Typically, if you are looking for work in the same field, you'll want to start it off with what you are doing now (or most recently) and tell the employer what skills you provide your current employer.

If you used to work in a bank and now work in a hospital, but want to go back to working in a bank, you'll want to mention what you are doing now at the end of the second paragraph. This is a good idea because you want to play up your banking experience up front where the most attention will be. You can finish the paragraph with a casual mention about what you are doing now. No need to belabor the point if your current position has little or nothing to do with where you want to go.

Moreover, in the second paragraph, you'll want to list all your best and most relevant accomplishments from your current and/or previous places of employment (and internships and volunteer work, if necessary).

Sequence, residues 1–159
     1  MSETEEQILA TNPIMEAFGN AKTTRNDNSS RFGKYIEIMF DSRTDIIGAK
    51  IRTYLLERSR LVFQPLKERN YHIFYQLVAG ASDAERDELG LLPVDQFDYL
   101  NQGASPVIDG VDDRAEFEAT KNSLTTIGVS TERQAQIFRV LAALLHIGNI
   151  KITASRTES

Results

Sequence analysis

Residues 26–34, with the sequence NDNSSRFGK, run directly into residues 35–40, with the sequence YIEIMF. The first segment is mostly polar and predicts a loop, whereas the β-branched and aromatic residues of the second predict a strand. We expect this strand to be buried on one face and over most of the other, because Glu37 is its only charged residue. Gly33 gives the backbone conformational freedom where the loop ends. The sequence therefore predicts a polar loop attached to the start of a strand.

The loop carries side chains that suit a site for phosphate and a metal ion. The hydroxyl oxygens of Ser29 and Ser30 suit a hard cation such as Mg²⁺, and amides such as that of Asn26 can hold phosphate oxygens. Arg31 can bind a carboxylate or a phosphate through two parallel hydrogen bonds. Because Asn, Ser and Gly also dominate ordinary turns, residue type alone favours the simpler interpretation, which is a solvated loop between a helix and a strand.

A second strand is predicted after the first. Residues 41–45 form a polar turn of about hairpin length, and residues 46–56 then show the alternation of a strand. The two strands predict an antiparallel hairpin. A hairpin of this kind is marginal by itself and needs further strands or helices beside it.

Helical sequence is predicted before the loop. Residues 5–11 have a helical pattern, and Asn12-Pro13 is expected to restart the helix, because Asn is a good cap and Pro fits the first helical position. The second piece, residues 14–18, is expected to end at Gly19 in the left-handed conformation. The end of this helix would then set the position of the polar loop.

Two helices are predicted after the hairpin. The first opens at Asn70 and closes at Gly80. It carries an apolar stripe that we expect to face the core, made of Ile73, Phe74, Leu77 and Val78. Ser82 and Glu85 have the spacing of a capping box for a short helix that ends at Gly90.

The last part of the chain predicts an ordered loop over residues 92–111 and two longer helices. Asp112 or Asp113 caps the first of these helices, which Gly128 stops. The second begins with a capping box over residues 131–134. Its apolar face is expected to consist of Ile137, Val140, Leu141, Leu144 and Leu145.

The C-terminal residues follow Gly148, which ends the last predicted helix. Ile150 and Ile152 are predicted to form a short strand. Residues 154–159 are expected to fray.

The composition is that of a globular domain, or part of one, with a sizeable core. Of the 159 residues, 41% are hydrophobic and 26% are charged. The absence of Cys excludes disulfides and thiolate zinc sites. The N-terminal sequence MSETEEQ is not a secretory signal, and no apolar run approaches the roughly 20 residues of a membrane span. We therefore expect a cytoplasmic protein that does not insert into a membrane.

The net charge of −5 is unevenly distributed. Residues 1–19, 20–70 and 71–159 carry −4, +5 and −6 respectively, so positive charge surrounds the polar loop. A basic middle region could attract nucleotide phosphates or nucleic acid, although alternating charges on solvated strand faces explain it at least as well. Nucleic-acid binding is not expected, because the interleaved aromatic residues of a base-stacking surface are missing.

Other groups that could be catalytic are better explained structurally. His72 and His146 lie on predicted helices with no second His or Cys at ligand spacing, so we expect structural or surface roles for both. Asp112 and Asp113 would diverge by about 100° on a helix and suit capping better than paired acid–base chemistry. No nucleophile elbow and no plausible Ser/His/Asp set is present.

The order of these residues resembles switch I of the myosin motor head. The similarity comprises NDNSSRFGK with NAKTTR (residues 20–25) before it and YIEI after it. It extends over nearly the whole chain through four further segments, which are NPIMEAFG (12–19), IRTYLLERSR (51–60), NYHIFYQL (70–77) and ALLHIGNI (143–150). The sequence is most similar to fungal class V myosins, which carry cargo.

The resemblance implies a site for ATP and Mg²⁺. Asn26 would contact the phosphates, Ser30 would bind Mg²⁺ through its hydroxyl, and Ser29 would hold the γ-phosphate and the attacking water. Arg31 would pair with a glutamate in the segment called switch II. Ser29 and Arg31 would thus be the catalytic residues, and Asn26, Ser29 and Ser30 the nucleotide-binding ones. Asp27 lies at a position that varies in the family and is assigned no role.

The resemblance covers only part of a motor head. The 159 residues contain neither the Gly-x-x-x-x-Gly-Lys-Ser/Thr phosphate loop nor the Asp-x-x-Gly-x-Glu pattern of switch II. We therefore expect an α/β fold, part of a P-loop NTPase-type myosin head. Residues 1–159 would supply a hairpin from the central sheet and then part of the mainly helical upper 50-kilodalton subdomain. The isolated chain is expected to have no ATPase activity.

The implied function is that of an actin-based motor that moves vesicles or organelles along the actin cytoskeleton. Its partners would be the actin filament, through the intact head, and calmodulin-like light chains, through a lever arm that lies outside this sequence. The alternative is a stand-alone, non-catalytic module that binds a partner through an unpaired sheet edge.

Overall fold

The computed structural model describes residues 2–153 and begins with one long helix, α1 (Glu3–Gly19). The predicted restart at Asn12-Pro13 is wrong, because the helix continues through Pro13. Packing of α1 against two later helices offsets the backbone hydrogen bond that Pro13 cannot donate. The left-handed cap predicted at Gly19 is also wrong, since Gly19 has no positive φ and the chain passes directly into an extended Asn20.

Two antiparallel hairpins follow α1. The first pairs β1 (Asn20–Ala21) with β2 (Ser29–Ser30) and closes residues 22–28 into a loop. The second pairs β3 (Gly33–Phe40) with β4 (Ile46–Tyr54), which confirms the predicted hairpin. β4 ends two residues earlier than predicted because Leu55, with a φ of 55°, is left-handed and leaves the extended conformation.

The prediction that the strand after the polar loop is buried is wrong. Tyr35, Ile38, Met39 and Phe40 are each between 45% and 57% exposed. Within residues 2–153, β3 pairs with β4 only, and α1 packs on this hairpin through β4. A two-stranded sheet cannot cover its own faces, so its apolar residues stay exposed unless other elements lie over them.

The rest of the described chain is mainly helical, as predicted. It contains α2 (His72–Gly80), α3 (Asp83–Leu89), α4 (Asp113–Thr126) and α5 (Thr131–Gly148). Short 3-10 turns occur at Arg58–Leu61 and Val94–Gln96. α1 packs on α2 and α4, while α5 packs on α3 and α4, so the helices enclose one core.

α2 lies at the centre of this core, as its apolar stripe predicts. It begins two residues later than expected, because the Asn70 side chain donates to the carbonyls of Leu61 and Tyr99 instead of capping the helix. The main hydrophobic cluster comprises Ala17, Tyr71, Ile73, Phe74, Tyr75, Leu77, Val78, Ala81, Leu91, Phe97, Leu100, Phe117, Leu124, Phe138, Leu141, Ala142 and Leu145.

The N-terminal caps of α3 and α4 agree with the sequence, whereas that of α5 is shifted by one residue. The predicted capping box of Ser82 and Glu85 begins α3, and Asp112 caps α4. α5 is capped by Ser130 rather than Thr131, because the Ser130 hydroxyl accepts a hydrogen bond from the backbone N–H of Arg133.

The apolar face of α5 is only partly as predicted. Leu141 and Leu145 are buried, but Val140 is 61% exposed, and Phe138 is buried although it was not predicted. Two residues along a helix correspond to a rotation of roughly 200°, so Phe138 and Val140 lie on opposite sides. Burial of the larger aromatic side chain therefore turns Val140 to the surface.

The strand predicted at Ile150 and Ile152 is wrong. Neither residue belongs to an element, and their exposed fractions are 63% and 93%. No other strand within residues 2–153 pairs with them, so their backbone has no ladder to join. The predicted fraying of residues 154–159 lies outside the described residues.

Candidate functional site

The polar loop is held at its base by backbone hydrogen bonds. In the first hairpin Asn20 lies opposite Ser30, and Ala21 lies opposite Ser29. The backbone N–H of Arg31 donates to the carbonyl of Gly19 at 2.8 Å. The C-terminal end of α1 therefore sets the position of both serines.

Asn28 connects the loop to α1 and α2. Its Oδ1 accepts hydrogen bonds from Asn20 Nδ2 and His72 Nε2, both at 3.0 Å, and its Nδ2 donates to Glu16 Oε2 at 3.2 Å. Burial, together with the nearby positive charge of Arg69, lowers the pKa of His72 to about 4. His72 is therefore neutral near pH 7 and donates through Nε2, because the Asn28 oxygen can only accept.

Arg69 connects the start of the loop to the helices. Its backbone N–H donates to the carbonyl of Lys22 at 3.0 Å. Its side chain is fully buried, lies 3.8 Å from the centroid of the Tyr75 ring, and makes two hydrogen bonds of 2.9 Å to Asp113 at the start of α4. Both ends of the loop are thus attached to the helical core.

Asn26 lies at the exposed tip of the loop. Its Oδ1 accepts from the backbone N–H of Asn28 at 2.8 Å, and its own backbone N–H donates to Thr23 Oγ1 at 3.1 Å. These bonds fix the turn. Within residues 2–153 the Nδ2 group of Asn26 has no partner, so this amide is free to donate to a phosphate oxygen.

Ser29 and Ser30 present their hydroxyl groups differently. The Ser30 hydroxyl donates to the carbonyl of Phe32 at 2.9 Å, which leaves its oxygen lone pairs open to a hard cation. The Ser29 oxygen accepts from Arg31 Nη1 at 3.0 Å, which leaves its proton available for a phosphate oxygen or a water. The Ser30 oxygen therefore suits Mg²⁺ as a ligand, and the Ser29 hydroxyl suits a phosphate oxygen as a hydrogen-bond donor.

If you are responding to a posted job, the second paragraph should reflect what the position requires as much as possible.

Just remember that your cover letter is a way of telling the employer what you can do for them. Do not write it like a biography.

If you have a lot of skills and accomplishments to list, it wouldn't hurt to bullet them for clarity.

Always mention any shining moments of glory in your career. If you oversaw a multimillion-dollar transaction for Singapore Air, mention that in the second paragraph of your cover letter. Even if you have a strictly retail background and just got your MBA and want to work for Charles Schwab, it won't hurt to mention how you helped win the Reader's Advantage sales contest for your Barnes and Noble outlet.

Third Paragraph
Depending on your situation, you could or could not do with a third paragraph. While you want to submit a substantial cover letter, know that employers pressed for time in reviewing submissions will appreciate a short letter. Also, more than likely, your cover letter may not get read completely, so be mindful as to its length. As a rule, the third paragraph is a good way to summarize your skills indirectly stated in the second paragraph and lead into the conclusion. Two solid sentences that clearly state your managerial, communication, interpersonal, and negotiation skills (or your capacity for being detail-oriented or providing a strong work-ethic) will suffice.